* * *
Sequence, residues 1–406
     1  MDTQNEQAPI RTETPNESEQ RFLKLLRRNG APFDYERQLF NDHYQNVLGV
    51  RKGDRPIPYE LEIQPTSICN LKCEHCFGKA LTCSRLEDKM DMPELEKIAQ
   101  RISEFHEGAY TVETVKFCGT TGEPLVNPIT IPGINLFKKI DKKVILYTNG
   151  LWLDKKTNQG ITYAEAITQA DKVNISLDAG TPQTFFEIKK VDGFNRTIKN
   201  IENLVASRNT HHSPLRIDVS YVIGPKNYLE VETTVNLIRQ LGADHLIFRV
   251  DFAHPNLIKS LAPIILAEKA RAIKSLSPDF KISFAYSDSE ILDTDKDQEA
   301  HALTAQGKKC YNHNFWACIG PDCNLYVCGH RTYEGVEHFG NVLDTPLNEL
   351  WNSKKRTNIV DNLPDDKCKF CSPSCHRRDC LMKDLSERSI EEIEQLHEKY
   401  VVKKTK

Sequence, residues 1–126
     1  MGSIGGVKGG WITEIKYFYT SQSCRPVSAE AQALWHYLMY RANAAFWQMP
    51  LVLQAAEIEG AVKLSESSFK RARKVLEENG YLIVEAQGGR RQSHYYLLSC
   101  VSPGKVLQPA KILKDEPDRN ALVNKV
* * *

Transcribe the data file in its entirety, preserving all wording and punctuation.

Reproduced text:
Sequence, residues 1–406
     1  MDTQNEQAPI RTETPNESEQ RFLKLLRRNG APFDYERQLF NDHYQNVLGV
    51  RKGDRPIPYE LEIQPTSICN LKCEHCFGKA LTCSRLEDKM DMPELEKIAQ
   101  RISEFHEGAY TVETVKFCGT TGEPLVNPIT IPGINLFKKI DKKVILYTNG
   151  LWLDKKTNQG ITYAEAITQA DKVNISLDAG TPQTFFEIKK VDGFNRTIKN
   201  IENLVASRNT HHSPLRIDVS YVIGPKNYLE VETTVNLIRQ LGADHLIFRV
   251  DFAHPNLIKS LAPIILAEKA RAIKSLSPDF KISFAYSDSE ILDTDKDQEA
   301  HALTAQGKKC YNHNFWACIG PDCNLYVCGH RTYEGVEHFG NVLDTPLNEL
   351  WNSKKRTNIV DNLPDDKCKF CSPSCHRRDC LMKDLSERSI EEIEQLHEKY
   401  VVKKTK

Sequence, residues 1–126
     1  MGSIGGVKGG WITEIKYFYT SQSCRPVSAE AQALWHYLMY RANAAFWQMP
    51  LVLQAAEIEG AVKLSESSFK RARKVLEENG YLIVEAQGGR RQSHYYLLSC
   101  VSPGKVLQPA KILKDEPDRN ALVNKV